A Bézier curve is a curve that runs between a series of control points. When you move the points, the curve moves too. It's a handy way of getting computers to draw bendy lines.
I didn't know any of that when I woke up this morning - and it's probably wrong, knowing me - but then, when I woke up this morning I hadn't played Bezier, a game that's absolutely in love with the Bézier curve. Bezier uses these curves to explore an interaction between digital and analogue worlds. The curves are right inside the heart of the game. "I use them in everything," explains Bezier's designer, Philip Bak. "The sound, the graphics, the story."
Béziers are cool, I think: a neat mathematical idea I can almost get a handle on, and one that will hopefully allow me to casually drop the term Bernstein polynomials into conversation, before staring out of the window with a misty look in my eyes. Thankfully, Bezier is also extremely cool. You don't need to know anything about maths to enjoy it. It's a hectic twin-stick shooter that has effortlessly swallowed my entire morning, and is probably going to eat up most of the evening too.
Let's set aside the story stuff, which I suspect is more fun if you discover it for yourself. At heart, this is a gloriously busy twin-stick with a wonderful visual style and just enough systems to keep you pleasantly baffled for your first ten minutes. You're dropped into a wide open arena, and tasked with blowing everything you see to pieces. More importantly, though, you need to take out a series of shields, scattered over the map, before a Judgement counter ticks down to zero. Get them all and you progress to the next level, where the whole thing repeats but harder. Miss some, and you're dead.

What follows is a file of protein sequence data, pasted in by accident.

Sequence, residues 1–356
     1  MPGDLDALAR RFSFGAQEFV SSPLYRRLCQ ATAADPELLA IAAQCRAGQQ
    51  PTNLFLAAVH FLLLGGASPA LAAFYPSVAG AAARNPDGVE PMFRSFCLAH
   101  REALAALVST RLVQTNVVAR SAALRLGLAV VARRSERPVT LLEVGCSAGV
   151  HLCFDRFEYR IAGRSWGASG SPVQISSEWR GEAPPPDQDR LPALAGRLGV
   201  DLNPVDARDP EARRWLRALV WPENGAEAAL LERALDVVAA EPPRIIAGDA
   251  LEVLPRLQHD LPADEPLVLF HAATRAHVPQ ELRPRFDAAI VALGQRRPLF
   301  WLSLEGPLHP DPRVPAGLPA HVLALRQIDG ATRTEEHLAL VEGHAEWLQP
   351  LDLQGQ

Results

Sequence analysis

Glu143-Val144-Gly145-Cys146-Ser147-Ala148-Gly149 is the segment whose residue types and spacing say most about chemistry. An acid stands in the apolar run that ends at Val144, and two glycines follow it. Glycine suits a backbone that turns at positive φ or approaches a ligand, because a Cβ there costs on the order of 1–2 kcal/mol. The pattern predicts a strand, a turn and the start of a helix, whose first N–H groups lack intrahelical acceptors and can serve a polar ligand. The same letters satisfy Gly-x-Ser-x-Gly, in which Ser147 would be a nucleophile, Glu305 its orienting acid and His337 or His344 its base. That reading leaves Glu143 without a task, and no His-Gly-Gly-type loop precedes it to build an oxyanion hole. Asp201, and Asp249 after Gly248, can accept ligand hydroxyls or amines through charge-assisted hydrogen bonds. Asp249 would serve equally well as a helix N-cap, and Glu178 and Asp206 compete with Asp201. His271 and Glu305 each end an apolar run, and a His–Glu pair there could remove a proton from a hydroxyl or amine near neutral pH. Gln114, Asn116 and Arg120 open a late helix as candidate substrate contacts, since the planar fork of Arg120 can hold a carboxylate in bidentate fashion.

This makes for an amazingly tense game, as you hunt around looking for that last freakin shield while the judgement clock goes: 30 seconds, 29 seconds, 28 seconds. On top of this rising panic, you have the option to trigger periods of auto-aim, if you can handle the cooldown that comes with that, and there are also special weapons - with their own special weapon cooldowns - to swap in and out as you rove about. I like the one that gives you a little leash that you can swing around smashing into baddies. I also like the electrical one. I like them all to be honest.
Throughout all the fun, those Béziers give Bezier a lovely organic look, while the music shifts around dynamically, ranging from cinematic stormtrooper gravitas to something that sounds like a duck trying to clear its throat, possibly before delivering a big speech. Bezier's available on Itch.io and Desura, and it's also on Steam Greenlight right now, so do drop by and give it a look. Meanwhile, if you're wondering if it's the kind of game you'll be interested in, here's a quick - and very telling - exchange I had with Bak just this morning:
Me: Any starter tips?
Bak: I always put the first few upgrade points into the blaster. Turn up the music.